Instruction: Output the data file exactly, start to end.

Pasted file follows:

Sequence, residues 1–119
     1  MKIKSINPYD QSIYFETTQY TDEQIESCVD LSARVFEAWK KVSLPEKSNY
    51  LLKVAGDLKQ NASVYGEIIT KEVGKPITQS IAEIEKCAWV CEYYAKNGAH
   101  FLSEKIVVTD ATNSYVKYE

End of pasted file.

Sequence, residues 1–119
     1  MKIKSINPYD QSIYFETTQY TDEQIESCVD LSARVFEAWK KVSLPEKSNY
    51  LLKVAGDLKQ NASVYGEIIT KEVGKPITQS IAEIEKCAWV CEYYAKNGAH
   101  FLSEKIVVTD ATNSYVKYE